When Bronwen Jones couldn’t find a suitable school for her adopted blind daughter‚ she started her own

17 January 2018 - 18:31 By Naledi Shange
Bronwen Jones started a school for the blind when she realised that there was 'no provision for children who could not see'.
Bronwen Jones started a school for the blind when she realised that there was 'no provision for children who could not see'.
Image: 123RF/Vasileios Karafillidis

Desperate to have a caring and meaningful schooling environment for her adopted daughter‚ Dorah Mokoena‚ Bronwen Jones started the Johannesburg School for Blind‚ Low Vision and Multiple Disability in Auckland Park 15 years ago.

This was after local schools had rejected Dorah‚ particularly because of the severe injuries she sustained during a fire which consumed her biological family’s shack when she was just six months old.

Most of Dorah’s face was burnt off‚ leaving her without lips‚ eyes and a nose.

“Dorah had gone to a creche and she had come to the end of the creche [period] and they said now she can go and I asked them‚ ‘go where’ and they said that is up to the parent‚” Jones recalls.

She went in search for a school for Dorah‚ approaching both mainstream schools and for those for learners needing specialised care.

“What we quickly worked out is that often the schools are not particularly brilliant but you may have one or two brilliant teachers within them‚” says Jones.

Dorah landed in a school where she was in a class mixed with children who had a variety of disabilities.

Her teacher did all she could to accommodate Dorah but not everyone was so understanding.

“The pupils got quite used to the idea that if Dorah's nose comes off‚ we take it‚ re-glue it and give it time to dry in the sun and she sticks it on again but the adults were different‚” Jones said.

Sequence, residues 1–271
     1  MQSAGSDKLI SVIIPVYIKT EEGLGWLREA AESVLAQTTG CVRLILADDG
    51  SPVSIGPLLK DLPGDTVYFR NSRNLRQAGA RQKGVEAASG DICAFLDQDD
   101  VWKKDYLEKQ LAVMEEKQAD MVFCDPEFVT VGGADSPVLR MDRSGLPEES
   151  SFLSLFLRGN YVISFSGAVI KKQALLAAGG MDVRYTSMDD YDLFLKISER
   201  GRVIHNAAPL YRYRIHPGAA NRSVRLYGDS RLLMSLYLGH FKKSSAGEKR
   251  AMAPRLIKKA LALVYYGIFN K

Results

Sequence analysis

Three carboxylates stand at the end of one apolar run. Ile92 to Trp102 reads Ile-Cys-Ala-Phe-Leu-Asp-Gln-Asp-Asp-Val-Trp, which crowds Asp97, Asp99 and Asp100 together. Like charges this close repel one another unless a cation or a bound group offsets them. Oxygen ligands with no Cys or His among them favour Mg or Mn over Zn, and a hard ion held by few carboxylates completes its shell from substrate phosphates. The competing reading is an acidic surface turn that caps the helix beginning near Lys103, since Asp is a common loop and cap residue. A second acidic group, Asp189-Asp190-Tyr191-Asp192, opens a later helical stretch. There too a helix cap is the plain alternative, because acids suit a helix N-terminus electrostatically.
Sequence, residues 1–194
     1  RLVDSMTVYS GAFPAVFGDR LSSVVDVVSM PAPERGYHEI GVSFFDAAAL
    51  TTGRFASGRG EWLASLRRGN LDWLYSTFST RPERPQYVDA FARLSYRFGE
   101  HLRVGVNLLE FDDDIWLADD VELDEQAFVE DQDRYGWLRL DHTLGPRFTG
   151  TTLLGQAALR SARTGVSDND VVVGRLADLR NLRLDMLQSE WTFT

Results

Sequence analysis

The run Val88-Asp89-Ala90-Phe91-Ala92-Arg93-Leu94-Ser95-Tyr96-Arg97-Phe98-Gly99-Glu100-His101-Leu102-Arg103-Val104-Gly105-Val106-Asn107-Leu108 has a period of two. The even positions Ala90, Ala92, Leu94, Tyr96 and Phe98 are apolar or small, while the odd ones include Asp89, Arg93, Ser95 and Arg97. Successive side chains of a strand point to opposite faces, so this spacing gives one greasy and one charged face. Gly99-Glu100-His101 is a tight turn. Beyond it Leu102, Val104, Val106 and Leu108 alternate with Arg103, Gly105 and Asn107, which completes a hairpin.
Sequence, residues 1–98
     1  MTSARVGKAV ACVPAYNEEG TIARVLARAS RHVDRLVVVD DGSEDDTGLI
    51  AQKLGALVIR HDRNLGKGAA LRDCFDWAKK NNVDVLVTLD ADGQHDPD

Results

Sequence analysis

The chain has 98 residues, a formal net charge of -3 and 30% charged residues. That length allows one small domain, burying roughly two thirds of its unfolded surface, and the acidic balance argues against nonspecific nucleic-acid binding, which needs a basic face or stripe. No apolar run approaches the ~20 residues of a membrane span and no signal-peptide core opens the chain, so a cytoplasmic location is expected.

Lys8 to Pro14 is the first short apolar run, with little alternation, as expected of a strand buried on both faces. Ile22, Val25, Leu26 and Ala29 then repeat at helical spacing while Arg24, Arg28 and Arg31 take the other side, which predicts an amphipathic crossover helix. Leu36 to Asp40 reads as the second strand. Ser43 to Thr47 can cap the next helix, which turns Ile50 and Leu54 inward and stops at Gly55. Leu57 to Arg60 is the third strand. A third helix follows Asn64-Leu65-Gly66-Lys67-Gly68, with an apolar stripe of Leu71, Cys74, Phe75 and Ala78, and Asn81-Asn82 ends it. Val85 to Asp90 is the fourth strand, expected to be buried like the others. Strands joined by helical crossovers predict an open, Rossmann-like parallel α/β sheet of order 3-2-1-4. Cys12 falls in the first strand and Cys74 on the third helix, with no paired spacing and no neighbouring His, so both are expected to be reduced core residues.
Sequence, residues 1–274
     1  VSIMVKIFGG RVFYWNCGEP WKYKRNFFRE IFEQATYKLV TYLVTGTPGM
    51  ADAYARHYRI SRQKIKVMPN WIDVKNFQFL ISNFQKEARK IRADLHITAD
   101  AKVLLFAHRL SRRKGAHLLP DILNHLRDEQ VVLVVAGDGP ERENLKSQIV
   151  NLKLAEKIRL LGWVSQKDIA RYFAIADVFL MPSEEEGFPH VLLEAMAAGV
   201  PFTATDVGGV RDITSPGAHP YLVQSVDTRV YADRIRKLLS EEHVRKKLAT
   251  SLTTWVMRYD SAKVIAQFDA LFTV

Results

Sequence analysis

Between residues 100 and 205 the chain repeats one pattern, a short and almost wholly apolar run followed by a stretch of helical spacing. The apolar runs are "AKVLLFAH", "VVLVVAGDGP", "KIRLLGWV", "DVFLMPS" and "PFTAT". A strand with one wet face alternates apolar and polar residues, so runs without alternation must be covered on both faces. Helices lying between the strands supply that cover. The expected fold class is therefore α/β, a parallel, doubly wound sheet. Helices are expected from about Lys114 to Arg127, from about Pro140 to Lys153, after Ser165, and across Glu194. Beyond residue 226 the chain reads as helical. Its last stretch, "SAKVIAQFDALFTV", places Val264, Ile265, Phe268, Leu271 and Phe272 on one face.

A short while later‚ things took a turn for the worse and Dorah was no longer welcome at the school.

The department of education tried to put her in another school with children who had various levels of mental disability.

Jones said she went there one day without the department officials and "found children colouring in pictures of people in biblical costumes.

“I asked what are they actually learning and they couldn't answer that and it became apparent that they had no provision for children who could not see."

She didn't take Dorah to the school.

By 2003‚ she had successfully opened her own school which would cater not only for Dorah but for other children who were at times rejected by society because of their injuries or disabilities.

Fifteen years later and the school has three teachers and five tutors and accommodates anything between 25 and 30 children.

Some of the children travel all the way from Ekurhuleni.

On Tuesday‚ Jones was still getting calls from parents who were desperate to find places for their children.

“I received a call from Witbank from a parent who has a 14-year-old who is blind and does not speak and has never been to school‚” she said.

Unfortunately‚ they couldn’t take the pupil in.

The school teaches everything from Braille‚ mathematics‚ life skills and even philosophy.

It is also a safe place‚ especially for the young girls who are blind‚ Jones said.

"How are they going to fight off an assailant? How are they going to report it if a person tried to hurt them? How would they phone someone for help?” she asked.

Each Friday evening‚ some of the children who stay with Jones as boarders take a walk to the Shell petrol station in Auckland Park where they hand out food to the homeless.

Jones says if anything‚ this teaches them to have empathy for those who are in difficult situations and it makes them realise how fortunate they are to have all they do‚ despite their disabilities.

But sadly‚ South Africa is just not built to cater for those living with disabilities.

Explaining this‚ Jones says: “Overseas‚ all medicine has Braille on it so when you buy your Panado‚ you can tell its Panado but we don't have it here.”

But Jones maintains that she will continue playing her part in advocating for those who cannot do so themselves.

- TimesLIVE